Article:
BC Lit in Extra Innings
- Claude Boisvert (Author)
Baseball: A Poem in the Magic Number 9. Coach House Books (purchase at Amazon.ca)
- Susan Musgrave (Author)
The Fed Anthology. Anvil Press (purchase at Amazon.ca)
Reviewed by Travis V. Mason
Susan Musgrave bookends The Fed Anthology with poems by Lorna Crozier and Patrick Lane. If Crozier’s sombre, elegaic “Needles” sets the tone by offering alterative ways into the anthology (through either sharp or blunt hypodermics), Lane’s “The Death-Watcher” reaffirms the tone and offers a way out, a “portal” through which to escape. Chances are, though, you won’t be escaping soon after reading this collection of new fiction and poetry from the Federation of BC Writers. Between entrance and exit are accomplished stories and poems about serious issues: unhappy marriages, divorce, infidelity, illness, miscarriages, parenthood, old age, absence, loss, violence, abuse. Musgrave has chosen carefully from the federation’s thousand members and produced a collection (marking the group’s 25th anniversary) consistent in tone and featuring works similar in theme. While serious, these previously unpublished works are also refreshingly current, fresh as a centenarian’s vomit. This last simile refers to one of the collection’s notable exceptions to the rule of seriousness, Patrick King’s “The Birthday Wish,” narrated by “the first person to reach a century” at Golden Oaks Home for seniors.
I am not suggesting that serious is not compelling if done well. Musgrave successfully intersperses the collection’s 30 poems amongst the 22 stories. Along with Crozier and Lane are a handful of other recognizable names, Alan Twigg, Betsy Warland, W.H. New, Linda Rogers, David Watmough, and Tom Wayman among them.
While each piece, individually, invites readers to find hope beyond the very real, very
ordinary subjects and events they depict, the cumulative result can be a hardening rather than a heartening. These are earnest pieces rendered with varying degrees of earnestness, and some, not surprisingly, are more successful than others. For the majority of authors represented here, presumably, hope lies in the act of writing itself; for their characters, however, hope is embodied more by local retreat: whether it’s the naked, Hochtaler-drinking painter trying to find her bearings in a Denman Island cabin on September 11, 2001, in Laura J. Cutler’s “The Implosion,” or the three-foot-eleven retired naturalist spying bears just outside of Sechelt in Watmough’s “The Naturalist.”
This sense of the local similarly permeates George Bowering’s Baseball: A Poem in the Magic Number of 9. Republished by Coach House Press, the second edition of Bowering’s book-length ode to his favourite game fittingly triples the total number of copies with a print run of 1000 to complement the 500 printed in 1967. While a triple might not be the rarest of feats in baseball, it is the offensive play that makes hitting for the cycle one of the most difficult accomplishments in sports – rare enough, that is, to be as exciting and elusive as this little book. Thirty-seven years after the original, Gar Smith’s enchanting design – a green-velvet covered pennant shape that unfolds to form a diamond – remains refreshingly green and enticingly velvety. Here’s a book that reminds us all over not to get too comfortable with The Book’s formally conservative tendencies. The poetry, too, unsettles readers’ unfortunate preference for conventional verse about conventional themes.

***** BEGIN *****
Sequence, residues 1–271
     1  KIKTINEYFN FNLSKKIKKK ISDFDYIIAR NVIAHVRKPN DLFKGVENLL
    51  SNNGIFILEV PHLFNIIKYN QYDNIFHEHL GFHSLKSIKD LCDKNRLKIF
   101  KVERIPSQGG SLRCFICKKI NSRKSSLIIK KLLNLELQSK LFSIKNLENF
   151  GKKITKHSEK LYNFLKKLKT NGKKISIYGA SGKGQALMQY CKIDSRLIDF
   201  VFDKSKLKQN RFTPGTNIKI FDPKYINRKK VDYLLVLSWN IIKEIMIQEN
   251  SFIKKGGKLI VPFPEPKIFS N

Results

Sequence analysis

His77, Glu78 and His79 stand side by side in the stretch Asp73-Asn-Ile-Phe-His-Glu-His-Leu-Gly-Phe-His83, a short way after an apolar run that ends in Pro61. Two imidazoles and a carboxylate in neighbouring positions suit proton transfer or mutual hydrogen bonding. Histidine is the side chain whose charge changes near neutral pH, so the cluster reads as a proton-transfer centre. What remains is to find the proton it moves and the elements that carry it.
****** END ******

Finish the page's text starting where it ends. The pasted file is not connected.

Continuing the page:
Bowering simultaneously sings the game’s mythical universality, its popular and its Pacific Northwest history, and its grassroots lyric mythology. He doesn’t create so much as report on a world in which “God is the Commissioner of Baseball / Apollo is the president of the Heavenly League,” old Indian chief Manuel Louie tries out at shortstop for the class-A Wenatchee Chiefs, and Ty Cobb, Babe Ruth, Ted Williams, et al., satisfy their statistical destinies, all under the watchful eye and critical pen of the official scorer for the Oliver Chronicle. If the idea of putting baseball before hockey, especially in 1967, seems un-Canadian, keep in mind neither Bowering’s book nor the game itself is about the Canada imagined by the country’s traditional cultural “center.” Rather, it is about art, inspiration, and the poet/ fan whose “body depends on the game.” It is also about caring, about paying attention to how “a man breathes differently / after rounding the bag.”
- The Natural by Laura Robinson
Books reviewed: Birdheart by Elana Woldd, Holding Pattern by Shane Rhodes, Wanting in Arabic by Trish Salah, The Goddess in the Garden by Carolyn Zonailo, and A Ruckus of Awkward Stacking by matt robinson
- Two Budding Talents by R. W. Stedingh
Books reviewed: Pool-Hoppping and Other Stories by Anne Fleming and Comfort Me with Apples by Sara O\'Leary
- Two by Four by Karl Jirgens
Books reviewed: Ground Works: Avant-Garde for Thee by Christian Bök, Exact Fare Only 2: Good Bad & Ugly Rides on Public Transit by Ian Cockfield, Stevenson Under the Palm Trees by Alberto Manguel, and With Borges by Alberto Manguel
- Art of Translation by Tanis Macdonald
Books reviewed: Volta by Susan Gillis, Colville's People by Carol Malyon, and From Dark Horse Road by Ellen McGinn
- Love, Familiar and Fractious by Mike Borkent
Books reviewed: Lean-To by Tonja Gunvaldsen Klaassen and Love Outlandish by Barry Dempster
MLA: Mason, Travis V. BC Lit in Extra Innings. canlit.ca. Canadian Literature, 8 Dec. 2011. Web. 21 May 2013.
This review originally appeared in Canadian Literature #185 (Summer 2005), (Stratton, Compton, Morra, Wylie, Gordon). (pg. 171 - 172)
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